Heartburn is pure misery, as anyone who has ever experienced it knows. The sensation occurs behind the breastbone, though it has nothing to do with the heart. It’s a rare person who hasn’t had heartburn at least once, and the first time I got it, I vowed I would never eat again!

That didn’t last. What stayed with me was determination to avoid anything that would lead to another bout of heartburn.
The “burn” is caused by stomach acid rising up into the throat when the sphincter that closes to hold food in the stomach relaxes after a meal. Heartburn can result from simply eating too much at a sitting, which most of us have done at one time or another.

There can be other causes of heartburn, but even if you don’t know why you have it, finding relief through natural cures for heartburn can make all the difference in your quality of life.

Beware of Cures with Drawbacks

Our bodies are incredibly fine-tuned, with everything designed to work together. When one part gets out of whack, it can affect other parts, leading to malfunctions that may be miserable and/or damaging.

The term ”Gastro Esophageal Reflux Disease” (GERD) is what doctors use to describe a recurring problem with heartburn; medications that inhibit the production of stomach acid are conventional treatment. But the body needs this for good digestion, particularly proteins.

Decreasing production of HCI can make it harder to absorb vital nutrients from food, including iron, zinc, and vitamins B12 and D; in fact, GERD can indicate low HCI production in the first place, which causes slow digestion. Food stays in the stomach too long and begins to ferment.

I wasn’t willing to take an over-the-counter or prescription medication, and when I began seeking natural cures for heartburn, the first one I found was sodium bicarbonate.

Commonly known as baking soda, a single dose (a half-teaspoon or a teaspoon taken in eight ounces of water) can bring quick relief. It works by neutralizing the stomach pH level, so if the sphincter relaxes and stomach contents rise into the throat, it doesn’t burn.

This remedy can be used up to six times over a 12-hour period. The one time I tried it, my symptoms backed off after ten minutes. But I knew I was blocking the body’s ability to properly digest food, which I didn’t want to do on a regular basis.

Aloe vera is another popular home remedy for heartburn, and some people swear a half-cup of gel will cool the fire. Unfortunately, it didn’t make any difference for me.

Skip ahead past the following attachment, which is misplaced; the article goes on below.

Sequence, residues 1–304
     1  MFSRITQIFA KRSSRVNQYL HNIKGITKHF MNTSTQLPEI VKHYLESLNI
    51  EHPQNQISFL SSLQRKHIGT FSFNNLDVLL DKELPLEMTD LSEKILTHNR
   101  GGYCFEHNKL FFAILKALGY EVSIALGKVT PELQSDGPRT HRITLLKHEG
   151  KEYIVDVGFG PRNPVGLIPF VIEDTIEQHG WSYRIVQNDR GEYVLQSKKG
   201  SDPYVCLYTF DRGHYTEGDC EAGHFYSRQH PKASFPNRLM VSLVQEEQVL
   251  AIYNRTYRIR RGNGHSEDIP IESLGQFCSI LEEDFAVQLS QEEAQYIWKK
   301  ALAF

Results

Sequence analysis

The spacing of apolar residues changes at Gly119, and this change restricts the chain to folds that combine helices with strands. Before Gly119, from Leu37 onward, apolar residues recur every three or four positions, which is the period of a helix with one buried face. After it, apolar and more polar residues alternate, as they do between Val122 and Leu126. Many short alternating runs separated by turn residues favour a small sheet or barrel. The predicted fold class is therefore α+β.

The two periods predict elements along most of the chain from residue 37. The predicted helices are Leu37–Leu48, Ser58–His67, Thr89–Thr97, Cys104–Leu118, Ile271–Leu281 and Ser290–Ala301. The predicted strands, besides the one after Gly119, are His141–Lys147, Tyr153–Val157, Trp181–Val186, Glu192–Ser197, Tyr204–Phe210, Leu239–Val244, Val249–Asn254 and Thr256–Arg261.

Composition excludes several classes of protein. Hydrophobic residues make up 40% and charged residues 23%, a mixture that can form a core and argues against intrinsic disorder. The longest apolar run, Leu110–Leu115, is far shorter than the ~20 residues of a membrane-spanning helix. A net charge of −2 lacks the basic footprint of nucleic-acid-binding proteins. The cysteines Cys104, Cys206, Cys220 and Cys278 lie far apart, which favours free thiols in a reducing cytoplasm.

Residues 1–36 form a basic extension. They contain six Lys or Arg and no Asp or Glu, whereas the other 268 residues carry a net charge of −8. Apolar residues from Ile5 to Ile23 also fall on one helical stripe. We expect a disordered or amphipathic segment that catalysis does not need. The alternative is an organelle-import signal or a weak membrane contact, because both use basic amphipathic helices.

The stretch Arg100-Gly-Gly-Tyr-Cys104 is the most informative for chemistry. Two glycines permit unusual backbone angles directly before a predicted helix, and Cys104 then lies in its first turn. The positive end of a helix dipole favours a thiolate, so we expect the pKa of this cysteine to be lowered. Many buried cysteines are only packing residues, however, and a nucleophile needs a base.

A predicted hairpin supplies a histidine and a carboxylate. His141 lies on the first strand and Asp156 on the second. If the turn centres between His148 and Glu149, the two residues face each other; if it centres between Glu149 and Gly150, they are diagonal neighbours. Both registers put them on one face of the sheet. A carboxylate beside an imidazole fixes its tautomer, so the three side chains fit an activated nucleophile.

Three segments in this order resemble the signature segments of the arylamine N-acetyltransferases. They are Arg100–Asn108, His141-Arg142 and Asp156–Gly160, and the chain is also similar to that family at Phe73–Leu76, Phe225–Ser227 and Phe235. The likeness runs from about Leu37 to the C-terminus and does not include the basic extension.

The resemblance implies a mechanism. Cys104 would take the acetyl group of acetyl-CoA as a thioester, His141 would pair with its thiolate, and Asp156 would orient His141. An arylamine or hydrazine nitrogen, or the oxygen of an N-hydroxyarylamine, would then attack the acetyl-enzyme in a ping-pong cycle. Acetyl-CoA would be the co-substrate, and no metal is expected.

You may have heard about some of these other remedies for heartburn:

  • Peppermint tea: said to soothe acid reflux and heartburn through stimulating digestion. I got no relief from it.
  • Calcium: the main ingredient of over-the-counter antacids. Some people pop these like candy, but it didn’t help me at all.
  • Don’t eat too late in the evening: lying flat when your stomach is still working on digesting your dinner can be a recipe for disaster. I’ve always avoided this, yet I still got heartburn on occasion.

Never Again!

It was my naturopathic doctor who suggested an eating style I’ve found fool-proof in avoiding heartburn.

There are several versions of proper food combining; the rules are simple, though not always easy to follow.

Here’s an outline of the basic version I’ve used for more than a decade:

  • Fruit only in the morning; never eat fruit with other foods. Stick with one type of fruit at a time, and eat it throughout the morning if you like. Wait an hour before eating anything else. Fruit digests quickly, but will linger in the stomach when eaten with other foods, causing fermentation.
  • Starchy foods like grains, rice, and potatoes should be eaten mid-day. These foods take four to five hours to pass from the stomach, require low levels of HCI to digest, and combine well with non-starchy vegetables, such as leafy greens and cruciferous vegetables like broccoli and cauliflower.
  • Heavy protein foods like eggs, meat, seafood, poultry and pork are best eaten at the end of the day. HCI is vital for efficient protein digestion, but when you eat proteins with starches, the diverse enzymes necessary for breaking down different foods can neutralize each other, making food stay in the stomach longer. Proteins can take up to eight hours to pass from the stomach, and when eaten with starch, it takes longer, bumping up the likelihood of heartburn. These foods also combine well with non-starchy vegetables.
  • Don’t drink with meals. Avoid drinking at least twenty minutes before a meal, and wait an hour afterward before drinking again. Fluids dilute digestive enzymes, slowing down the works.
  • If you eat sweets, eat them alone. Most desserts contain sugar, which encourages fermentation in the stomach. The combination of ingredients found in many desserts can be challenging for digestion, especially on top of other foods.

This may sound too simple to be effective, but for me and many other dedicated food combiners, the results are sweet. Working with the body’s natural processes has also made weight control effortless for me, so that’s a bonus blessing.

Sometimes we may just be asking too much of our hard-working bodies. A line from one of the proper food combining hand-outs my doctor gave me will always stay with me: “Try not to put everything on the planet in your mouth at once.” It’s not bad advice.

If you have questions or comments about heartburn or any of the remedies covered here, drop us a line.

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